An orchestra with a sick tuba player and a lead violinist who is missing her bow — this is how Reinhard Hiller, co-director of South Africa's Center for Proteomic and Genomic Research sees the state of genomics and proteomics in Africa today. Writing on CPGR's blog, Hiller describes a situation on the continent where investments made in human resources are not sustained as top scientists often emigrate for better employment opportunities, infrastructure is mismanaged and isolated, and countries compete against each other rather than developing a regional strategy for success. "The net effect is that investments into physical and human resources don't yield proper returns in terms of scientific publications, patents, and biomedical innovation," Hiller writes.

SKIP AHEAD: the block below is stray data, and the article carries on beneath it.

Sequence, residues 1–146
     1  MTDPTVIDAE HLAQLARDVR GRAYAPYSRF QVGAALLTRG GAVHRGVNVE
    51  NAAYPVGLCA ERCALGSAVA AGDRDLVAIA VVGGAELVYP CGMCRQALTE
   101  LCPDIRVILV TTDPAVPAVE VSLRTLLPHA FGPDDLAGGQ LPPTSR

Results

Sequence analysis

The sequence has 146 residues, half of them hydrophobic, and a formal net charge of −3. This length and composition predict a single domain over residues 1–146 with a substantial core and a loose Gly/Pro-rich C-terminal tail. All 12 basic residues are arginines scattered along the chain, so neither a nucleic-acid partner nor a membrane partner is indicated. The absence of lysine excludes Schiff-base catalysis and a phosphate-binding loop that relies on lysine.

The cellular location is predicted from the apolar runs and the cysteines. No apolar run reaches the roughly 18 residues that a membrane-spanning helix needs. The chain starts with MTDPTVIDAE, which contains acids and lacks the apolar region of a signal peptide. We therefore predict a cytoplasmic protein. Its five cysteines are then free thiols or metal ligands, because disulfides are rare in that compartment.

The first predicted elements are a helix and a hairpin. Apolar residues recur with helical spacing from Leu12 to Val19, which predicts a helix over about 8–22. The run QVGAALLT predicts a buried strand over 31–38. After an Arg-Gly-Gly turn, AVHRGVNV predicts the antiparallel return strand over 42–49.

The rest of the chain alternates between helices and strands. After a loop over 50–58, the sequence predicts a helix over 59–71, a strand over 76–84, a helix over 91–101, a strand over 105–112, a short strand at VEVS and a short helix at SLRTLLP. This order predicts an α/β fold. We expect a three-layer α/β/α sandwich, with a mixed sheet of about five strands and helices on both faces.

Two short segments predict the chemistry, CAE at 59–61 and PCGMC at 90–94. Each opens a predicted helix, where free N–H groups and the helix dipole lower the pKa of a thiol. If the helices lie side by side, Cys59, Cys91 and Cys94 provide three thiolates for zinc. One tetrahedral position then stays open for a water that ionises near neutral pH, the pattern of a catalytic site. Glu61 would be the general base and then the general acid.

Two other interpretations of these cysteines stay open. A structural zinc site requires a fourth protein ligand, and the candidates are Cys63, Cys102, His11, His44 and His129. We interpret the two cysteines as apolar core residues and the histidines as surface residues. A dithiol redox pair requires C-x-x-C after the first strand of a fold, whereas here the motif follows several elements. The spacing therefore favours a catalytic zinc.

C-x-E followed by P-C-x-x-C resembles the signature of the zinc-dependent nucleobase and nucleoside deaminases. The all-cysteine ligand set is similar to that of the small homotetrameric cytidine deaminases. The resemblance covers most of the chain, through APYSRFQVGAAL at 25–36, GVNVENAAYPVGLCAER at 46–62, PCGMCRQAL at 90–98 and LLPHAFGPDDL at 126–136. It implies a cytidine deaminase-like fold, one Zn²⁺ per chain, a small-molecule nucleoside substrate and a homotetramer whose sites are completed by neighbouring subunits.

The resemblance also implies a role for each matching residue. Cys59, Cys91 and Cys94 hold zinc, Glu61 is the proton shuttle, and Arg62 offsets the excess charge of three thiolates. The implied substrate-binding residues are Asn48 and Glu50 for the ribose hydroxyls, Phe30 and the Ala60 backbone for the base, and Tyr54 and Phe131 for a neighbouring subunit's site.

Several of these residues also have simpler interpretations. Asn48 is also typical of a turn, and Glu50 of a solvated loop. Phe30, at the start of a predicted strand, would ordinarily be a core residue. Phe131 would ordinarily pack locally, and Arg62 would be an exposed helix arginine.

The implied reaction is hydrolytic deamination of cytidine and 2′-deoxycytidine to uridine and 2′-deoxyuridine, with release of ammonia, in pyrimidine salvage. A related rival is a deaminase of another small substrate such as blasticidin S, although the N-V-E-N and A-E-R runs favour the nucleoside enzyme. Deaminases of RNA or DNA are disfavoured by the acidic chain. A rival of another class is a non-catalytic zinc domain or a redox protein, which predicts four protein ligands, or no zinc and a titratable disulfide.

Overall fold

According to Hiller, the solution to these challenges is network orchestration, the "art of assembling an array of resources into seamless strings of value generation." He says that African genomics and proteomics infrastructure should be reassembled in an "agile, customer-focused fashion" based on principles of "network, cooperation, and coordination." With alternative resources built into the resulting network, Hiller says that African genomics and proteomics infrastructure would also be "resilient to external and internal turbulence." In addition, Hiller says that Africa is particularly poised to benefit from network orchestration. "Where else, if applied properly, can these principles have more positive impact than in a resource-scarce environment, such as in many of the emerging economies in Africa?" he writes.